• Proteins, nucleic acids and some oligosaccharides.
  • 22.
    • Stereoisomers
    • Molecules with same chemical bond but different configurations, the fixed spatial arrangement of atoms.
    • Interactions between biomolecules are invariably stereospecific.
  • 23. Representation of alanine
  • 24. Stereoisomers
    • Configuration is conferred by the presence of either
    • (1) double bond.
    • (2) chiral center.
    • Stereoisomers cannot be interconverted without temporarily breaking one or more covalent bond.
  • 25. Geometric isomers, or cis-trans isomers
    • Differ in the arrangement of their substituent groups with respect to the nonrotating double bond.
    • Each isomer can be separated from the other and has unique chemical properties.
  • 26. Configuration of geometric isomers
  • 27. Configuration of geometric isomers
  • 28.
    • Chiral centers
    • A carbon atom with four different substituents is said to be asymmetric, and asymmetric carbons are called chiral centers.
  • 29. Number of stereoisomers = 2 n Enantiomers, Diastereomers
  • 30. The resulting stereoisomers have similar or identical chemical properties but different physical and biological properties. Enantiomers have different physical properties was first observed by Louis Pasteur (1848). Their interaction with plane polarized light.
  • 31.
    • Racemic mixture
    • In separate solution the two enantiomers rotate the plane of plane polarized light in opposite directions. But equimolar solution show no optical rotation.
  • 32. Nomenclature of stereoisomers
  • 33.
    • Another system for naming is D and L system
  • 34. Conformations
  • 35. Complementary fit between a macromolecule and a small molecule
  • 36. Carbohydrates
    • Carbohydrates are polyhydroxy aldehydes and ketones or substances that yield such compounds on hydrolysis.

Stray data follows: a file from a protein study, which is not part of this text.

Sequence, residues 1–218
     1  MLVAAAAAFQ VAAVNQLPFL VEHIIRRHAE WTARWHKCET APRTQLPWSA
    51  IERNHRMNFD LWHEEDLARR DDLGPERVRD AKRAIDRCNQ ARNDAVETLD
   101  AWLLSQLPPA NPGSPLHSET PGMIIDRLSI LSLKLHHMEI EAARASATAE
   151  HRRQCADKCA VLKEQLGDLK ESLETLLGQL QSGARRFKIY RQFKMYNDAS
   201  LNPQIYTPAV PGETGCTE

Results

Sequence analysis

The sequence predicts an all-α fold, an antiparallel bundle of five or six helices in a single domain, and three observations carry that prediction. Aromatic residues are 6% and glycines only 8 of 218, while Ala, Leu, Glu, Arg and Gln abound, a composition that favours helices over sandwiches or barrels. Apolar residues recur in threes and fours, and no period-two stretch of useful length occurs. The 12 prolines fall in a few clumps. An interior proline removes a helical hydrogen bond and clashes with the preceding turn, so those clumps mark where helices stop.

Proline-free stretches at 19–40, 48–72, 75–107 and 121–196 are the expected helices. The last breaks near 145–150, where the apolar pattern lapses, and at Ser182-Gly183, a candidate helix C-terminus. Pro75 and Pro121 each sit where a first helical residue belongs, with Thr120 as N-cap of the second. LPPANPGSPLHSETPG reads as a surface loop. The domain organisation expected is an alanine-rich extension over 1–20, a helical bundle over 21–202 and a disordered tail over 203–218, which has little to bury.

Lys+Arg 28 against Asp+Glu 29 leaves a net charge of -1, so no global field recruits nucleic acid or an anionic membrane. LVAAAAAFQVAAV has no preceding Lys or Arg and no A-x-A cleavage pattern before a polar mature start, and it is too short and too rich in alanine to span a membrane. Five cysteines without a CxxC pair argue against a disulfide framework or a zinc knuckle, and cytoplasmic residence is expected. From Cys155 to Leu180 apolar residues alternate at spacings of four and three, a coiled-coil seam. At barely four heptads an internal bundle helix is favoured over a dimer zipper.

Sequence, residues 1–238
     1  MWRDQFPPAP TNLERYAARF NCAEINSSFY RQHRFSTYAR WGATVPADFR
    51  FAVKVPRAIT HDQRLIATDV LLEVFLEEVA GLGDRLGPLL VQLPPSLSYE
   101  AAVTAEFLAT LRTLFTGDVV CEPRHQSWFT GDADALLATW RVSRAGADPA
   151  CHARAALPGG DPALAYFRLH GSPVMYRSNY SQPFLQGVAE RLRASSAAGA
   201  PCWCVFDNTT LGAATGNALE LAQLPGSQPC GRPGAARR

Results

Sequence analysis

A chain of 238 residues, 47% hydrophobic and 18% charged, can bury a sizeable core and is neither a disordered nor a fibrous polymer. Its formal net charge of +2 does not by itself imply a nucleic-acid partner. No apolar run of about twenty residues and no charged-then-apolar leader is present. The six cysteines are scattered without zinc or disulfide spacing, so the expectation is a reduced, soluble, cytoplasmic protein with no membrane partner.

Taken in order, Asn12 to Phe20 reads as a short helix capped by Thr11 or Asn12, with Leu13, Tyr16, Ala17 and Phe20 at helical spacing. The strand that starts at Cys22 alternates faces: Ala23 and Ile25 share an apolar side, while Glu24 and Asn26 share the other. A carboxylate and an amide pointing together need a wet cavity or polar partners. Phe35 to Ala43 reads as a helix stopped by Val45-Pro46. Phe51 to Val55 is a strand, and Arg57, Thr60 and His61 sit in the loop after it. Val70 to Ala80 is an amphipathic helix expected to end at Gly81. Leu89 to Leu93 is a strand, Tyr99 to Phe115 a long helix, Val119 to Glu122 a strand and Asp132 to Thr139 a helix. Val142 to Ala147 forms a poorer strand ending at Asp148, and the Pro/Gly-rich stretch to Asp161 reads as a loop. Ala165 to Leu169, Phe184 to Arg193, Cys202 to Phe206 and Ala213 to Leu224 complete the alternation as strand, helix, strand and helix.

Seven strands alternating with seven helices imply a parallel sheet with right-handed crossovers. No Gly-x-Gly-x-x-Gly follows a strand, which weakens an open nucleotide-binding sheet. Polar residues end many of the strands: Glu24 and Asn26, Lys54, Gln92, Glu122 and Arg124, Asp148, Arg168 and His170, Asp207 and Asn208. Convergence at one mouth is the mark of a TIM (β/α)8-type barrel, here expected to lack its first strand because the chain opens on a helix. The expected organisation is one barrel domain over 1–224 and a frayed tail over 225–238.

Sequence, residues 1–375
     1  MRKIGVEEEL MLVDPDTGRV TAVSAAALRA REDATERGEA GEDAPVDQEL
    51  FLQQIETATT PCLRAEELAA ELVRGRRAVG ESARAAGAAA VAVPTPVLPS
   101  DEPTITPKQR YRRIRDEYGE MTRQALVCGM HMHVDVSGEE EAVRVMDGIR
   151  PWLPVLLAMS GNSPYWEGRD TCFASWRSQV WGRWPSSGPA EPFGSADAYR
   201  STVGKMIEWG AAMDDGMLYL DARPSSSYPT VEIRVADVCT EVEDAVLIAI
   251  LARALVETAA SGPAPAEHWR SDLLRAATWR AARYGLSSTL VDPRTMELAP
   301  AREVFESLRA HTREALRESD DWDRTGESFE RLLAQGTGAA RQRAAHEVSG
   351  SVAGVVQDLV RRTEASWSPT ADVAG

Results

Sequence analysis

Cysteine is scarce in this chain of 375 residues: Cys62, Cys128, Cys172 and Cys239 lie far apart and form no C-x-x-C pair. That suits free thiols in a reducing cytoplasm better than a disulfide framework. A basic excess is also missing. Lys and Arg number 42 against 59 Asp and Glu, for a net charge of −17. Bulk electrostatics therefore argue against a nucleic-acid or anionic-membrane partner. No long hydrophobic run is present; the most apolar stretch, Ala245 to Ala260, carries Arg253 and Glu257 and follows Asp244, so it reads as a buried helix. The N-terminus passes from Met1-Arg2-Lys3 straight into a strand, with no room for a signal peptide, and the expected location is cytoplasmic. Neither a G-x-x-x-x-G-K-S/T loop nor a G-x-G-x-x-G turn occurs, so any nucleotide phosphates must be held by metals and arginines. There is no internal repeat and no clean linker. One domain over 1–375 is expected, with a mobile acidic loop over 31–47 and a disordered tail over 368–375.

• (CH 2 O) n
    • some also contain nitrogen, phosphorous, and sulfur.
    • Monosaccharides, oligosaccharides, and polysaccharides.
  • 37. Monosaccharides
    • Simple sugars with single polyhydroxy aldehyde or ketone unit.
    • D-glucose (dextrose)
  • 38. Monosaccharides
    • Aldoses (e.g., glucose) have an aldehyde group at one end.
    Ketoses (e.g., fructose) have a keto group, usually at C2.
  • 39. The simplest monosaccharides
  • 40. Hexoses Pentoses
  • 41. D vs L Designation D & L designations are based on the configuration about the single asymmetric C in glyceraldehyde. The lower representations are Fischer Projections.
  • 42. For sugars with more than one chiral center, D or L refers to the asymmetric C farthest from the aldehyde or keto group. Most naturally occurring sugars are D isomers.
  • 43. They have the same name, e.g., D-glucose & L-glucose. Other stereoisomers have unique names, e.g., glucose, mannose, galactose, etc. The number of stereoisomers is 2 n , where n is the number of asymmetric centers. The 6-C aldoses have 4 asymmetric centers. Thus there are 16 stereoisomers (8 D-sugars and 8 L-sugars).
  • 44. D-Aldoses
  • 45. D-Aldoses
  • 46. D-Ketoses
  • 47. D-Ketoses
  • 48. Epimers
  • 49. Hemiacetal & hemiketal formation
  • 50. Glucose forms an intra-molecular hemiacetal, as the C1 Aldehyde & C5 OH react, to form a 6-member pyranose ring, named after pyran.
  • 51.
    • Cyclization of glucose produces a new asymmetric center at C1. The 2 stereoisomers are called anomers, α & β .
    • Haworth projections represent the cyclic sugars as having essentially planar rings, with the OH at the anomeric C1:
      • α (OH below the ring)
      • β (OH above the ring).
  • 52. Pentoses and hexoses can cyclize as the ketone or aldehyde reacts with a distal OH.